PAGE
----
The Army has launched a potentially $200 million program to acquire a medium-range
air-defense vehicle that would serve as an intermediate capability between the
extended-range Patriot and the short-range Avenger.
The system, called the surface-launched advanced medium range air-to-air missile
(SLAMRAAM), would defend against enemy cruise and ballistic missiles, unmanned
aircraft and helicopters.
The air-defense weapon is the Air Force active seeker AIM-120C AMRAAM missile,
which would be launched from a heavy variant of the Humvee truck. The system
also includes the Sentinel radar and a fire control station.
The Army budgeted $28 million for SLAMRAAM in fiscal year 2004. The development
phase will take at least five years. By 2008, the Army expects to field one
battalion of 24 fire units, 10 integrated fire control stations and an inventory
of more than 100 AIM 120C missiles.
The Marine Corps is buying a similar vehicle, a Humvee-mounted launcher called
CLAWS (Complementary Low Altitude Weapon System).
“The SLAMRAAM system that is to be developed would have been extremely
effective against the Iraqi cruise missile threat and would have saved countless
dollars,” said Jeff Stevens, deputy product manager, in a statement published
in an Army web site. He noted that SLAMRAAM will operate side-by-side with the
Avenger, a Humvee-based launcher that fires short-range Stinger missiles.
The Army plans to select a contractor for SLAMRAAM next year, who will be responsible
to integrate the launcher with government-supplied AMRAAM missiles. The system
also must be made interoperable with Patriot and Avenger.
Proposals were due July 21. It appears, however, that only one industry team
submitted a bid for SLAMRAAM. When the Army first released a solicitation, four
contractors submitted white papers: Raytheon, Boeing, Northrop Grumman and Teledyne
For the final bid, Raytheon teamed with Boeing (Boeing had lost the Marine
Corps CLAWS competition to Raytheon). Northrop Grumman opted to drop out. A
Teledyne Brown spokesperson said the company would not comment.
Officials at the Aviation and Missile Command said they could not comment on
whether the service would proceed with the program even if only one bid was
“In accordance with the Federal Acquisition Regulation, we cannot discuss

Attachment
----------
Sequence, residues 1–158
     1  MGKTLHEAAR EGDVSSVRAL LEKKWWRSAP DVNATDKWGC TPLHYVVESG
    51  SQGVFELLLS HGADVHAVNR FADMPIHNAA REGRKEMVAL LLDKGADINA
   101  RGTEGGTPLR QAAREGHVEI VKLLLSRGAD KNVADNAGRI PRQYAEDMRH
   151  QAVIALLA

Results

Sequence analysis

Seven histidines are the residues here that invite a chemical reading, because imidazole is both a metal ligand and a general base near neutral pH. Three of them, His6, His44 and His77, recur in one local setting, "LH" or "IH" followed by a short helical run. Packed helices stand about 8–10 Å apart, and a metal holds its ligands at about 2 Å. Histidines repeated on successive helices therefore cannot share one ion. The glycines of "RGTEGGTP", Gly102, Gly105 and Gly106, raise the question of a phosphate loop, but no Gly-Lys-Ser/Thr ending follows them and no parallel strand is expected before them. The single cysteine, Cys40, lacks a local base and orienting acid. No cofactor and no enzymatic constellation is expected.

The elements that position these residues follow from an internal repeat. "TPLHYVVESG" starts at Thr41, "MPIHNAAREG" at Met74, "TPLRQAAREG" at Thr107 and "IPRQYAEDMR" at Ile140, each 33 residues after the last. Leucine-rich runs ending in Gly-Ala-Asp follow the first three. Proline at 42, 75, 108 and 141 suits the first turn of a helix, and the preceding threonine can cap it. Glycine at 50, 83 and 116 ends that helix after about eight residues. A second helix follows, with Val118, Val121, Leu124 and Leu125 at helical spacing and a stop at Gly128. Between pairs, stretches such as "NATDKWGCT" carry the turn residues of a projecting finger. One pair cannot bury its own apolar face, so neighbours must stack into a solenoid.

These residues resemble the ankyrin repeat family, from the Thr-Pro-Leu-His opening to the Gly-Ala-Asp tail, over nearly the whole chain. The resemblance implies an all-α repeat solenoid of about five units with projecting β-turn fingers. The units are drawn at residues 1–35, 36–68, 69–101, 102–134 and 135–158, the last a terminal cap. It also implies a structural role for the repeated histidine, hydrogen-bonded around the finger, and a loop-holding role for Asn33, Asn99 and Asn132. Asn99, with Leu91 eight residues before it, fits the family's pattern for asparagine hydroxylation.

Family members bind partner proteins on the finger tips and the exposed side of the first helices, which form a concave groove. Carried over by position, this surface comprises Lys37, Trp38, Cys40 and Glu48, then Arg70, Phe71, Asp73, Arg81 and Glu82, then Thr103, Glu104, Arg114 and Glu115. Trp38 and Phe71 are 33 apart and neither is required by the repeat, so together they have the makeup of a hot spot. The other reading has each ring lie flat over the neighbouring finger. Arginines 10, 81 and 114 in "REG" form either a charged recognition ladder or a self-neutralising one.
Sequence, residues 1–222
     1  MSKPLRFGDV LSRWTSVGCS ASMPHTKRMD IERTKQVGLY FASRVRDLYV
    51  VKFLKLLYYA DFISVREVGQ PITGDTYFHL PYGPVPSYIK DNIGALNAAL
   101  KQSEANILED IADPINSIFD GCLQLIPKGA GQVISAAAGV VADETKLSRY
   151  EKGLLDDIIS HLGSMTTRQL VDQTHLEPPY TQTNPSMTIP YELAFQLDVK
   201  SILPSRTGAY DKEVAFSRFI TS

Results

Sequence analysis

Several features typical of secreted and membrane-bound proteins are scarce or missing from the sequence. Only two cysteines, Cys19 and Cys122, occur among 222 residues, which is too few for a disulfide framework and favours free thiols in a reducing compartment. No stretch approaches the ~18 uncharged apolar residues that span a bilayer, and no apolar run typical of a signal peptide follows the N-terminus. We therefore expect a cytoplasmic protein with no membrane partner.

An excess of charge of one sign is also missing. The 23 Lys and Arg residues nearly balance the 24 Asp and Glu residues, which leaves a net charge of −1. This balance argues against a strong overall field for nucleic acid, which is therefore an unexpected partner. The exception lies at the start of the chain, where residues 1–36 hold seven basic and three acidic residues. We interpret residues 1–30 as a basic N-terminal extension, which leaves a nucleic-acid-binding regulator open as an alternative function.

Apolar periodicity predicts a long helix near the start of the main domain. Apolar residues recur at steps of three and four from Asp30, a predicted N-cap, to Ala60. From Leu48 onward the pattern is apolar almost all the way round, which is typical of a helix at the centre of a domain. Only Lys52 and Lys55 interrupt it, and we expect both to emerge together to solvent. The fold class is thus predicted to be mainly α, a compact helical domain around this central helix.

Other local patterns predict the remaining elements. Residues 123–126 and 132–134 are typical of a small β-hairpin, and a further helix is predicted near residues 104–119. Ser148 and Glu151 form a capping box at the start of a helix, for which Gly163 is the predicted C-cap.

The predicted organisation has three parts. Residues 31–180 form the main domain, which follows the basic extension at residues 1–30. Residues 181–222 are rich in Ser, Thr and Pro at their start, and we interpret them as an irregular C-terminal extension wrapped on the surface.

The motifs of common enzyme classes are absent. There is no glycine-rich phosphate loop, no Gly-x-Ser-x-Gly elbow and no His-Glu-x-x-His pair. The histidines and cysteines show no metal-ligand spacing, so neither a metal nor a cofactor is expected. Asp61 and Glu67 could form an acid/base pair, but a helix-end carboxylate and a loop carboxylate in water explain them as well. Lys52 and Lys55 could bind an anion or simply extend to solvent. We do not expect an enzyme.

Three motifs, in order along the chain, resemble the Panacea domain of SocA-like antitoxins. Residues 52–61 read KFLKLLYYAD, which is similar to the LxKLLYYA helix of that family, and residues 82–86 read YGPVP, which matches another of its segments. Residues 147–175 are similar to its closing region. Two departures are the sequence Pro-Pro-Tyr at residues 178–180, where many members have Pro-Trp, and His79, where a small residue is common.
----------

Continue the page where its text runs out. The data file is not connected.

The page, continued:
the details about the on-going source selection process,” said an AMCOM
spokesperson. “Therefore, we cannot discuss the number of proposals received
in response to the Request for Proposals.”
Raytheon’s deputy program manager for ground combat systems, Bob Filosa,
said the company proposed a launcher based on the Marine CLAWS system. “The
heart of the system is the battle management control, which the Army calls the
integrated fire control system,” Filosa said in an interview.
He noted that the SLAMRAAM requirements evolved during the past couple of years
from a stand-alone platform to a more integrated system that is part of a broad
“Originally it was like the Marines’ program—a launcher and
a fire control system. Now, it’s a total integrated system with compatibility
with Avenger, Patriot and with THAAD [the theater high-altitude air defense
system],” said Filosa.
The Army decided it needed air defenses that are more mobile than Patriot batteries,
but with a longer range than the Stinger Avenger, said Steven Ignat, director
of business development at Raytheon Missile Systems. “SLAMRAAM can move
with the division or the Stryker brigades, to protect forward deployed units,”
he said in an interview.
Several countries currently operate ground-launched AMRAAMs, he added.
Systems like Avenger traditionally were designed to defend against fixed-wing
and rotary-wing aircraft. But the threat has evolved to cruise missiles and
UAVs, which justified the need for SLAMRAAM, Ignat said.
The SLAMRAAM also could be incorporated into the Future Combat Systems, even
though the FCS basic formation, called the unit of action, will not have organic
air defense. Rather, the air defense will be provided by a higher echelon, called
the unit of employment. The Army plans to begin fielding FCS in 2010.
“SLAMRAAM is intended to be organic to the unit of employment and will
provide support to the unit of action,” said the AMCOM spokesman.
Raytheon officials, however, predict that the SLAMRAAM may end up as part of
the unit of action. “The FCS unit of action doesn’t have organic
air defense. That has gotten congressional folks concerned,” said Ignat.
“FCS will deploy rapidly and become vulnerable to air attack. ... If they
are missing a piece of the combined arms, they are vulnerable.”
The decision of whether to include air-defense platforms in the unit of action
eventually may be driven by the commander’s needs, noted Roger Krone,
Boeing vice president for Army programs, who oversees the FCS project. “Today,
the Army usually deploys a division. It’s unlikely that they would deploy
a unit of action without at least part of a unit of employment. ... If it’s
a situation when we have dominance of the air space, then air defense may be
less important. It’s going to be very situational dependent.”
Maj. Gen. Joseph L. Yakovac, program executive officer for Army ground combat
systems, said that the FCS specifications require that the direct-fire vehicle
be able to engage hovering helicopters and UAVs. “Anything outside of
the range of the line of sight of the weapon would come from an attached capability
[an augmentation to that unit],” Yakovac told National Defense. “That
could change, but that is how it’s set up right now.”
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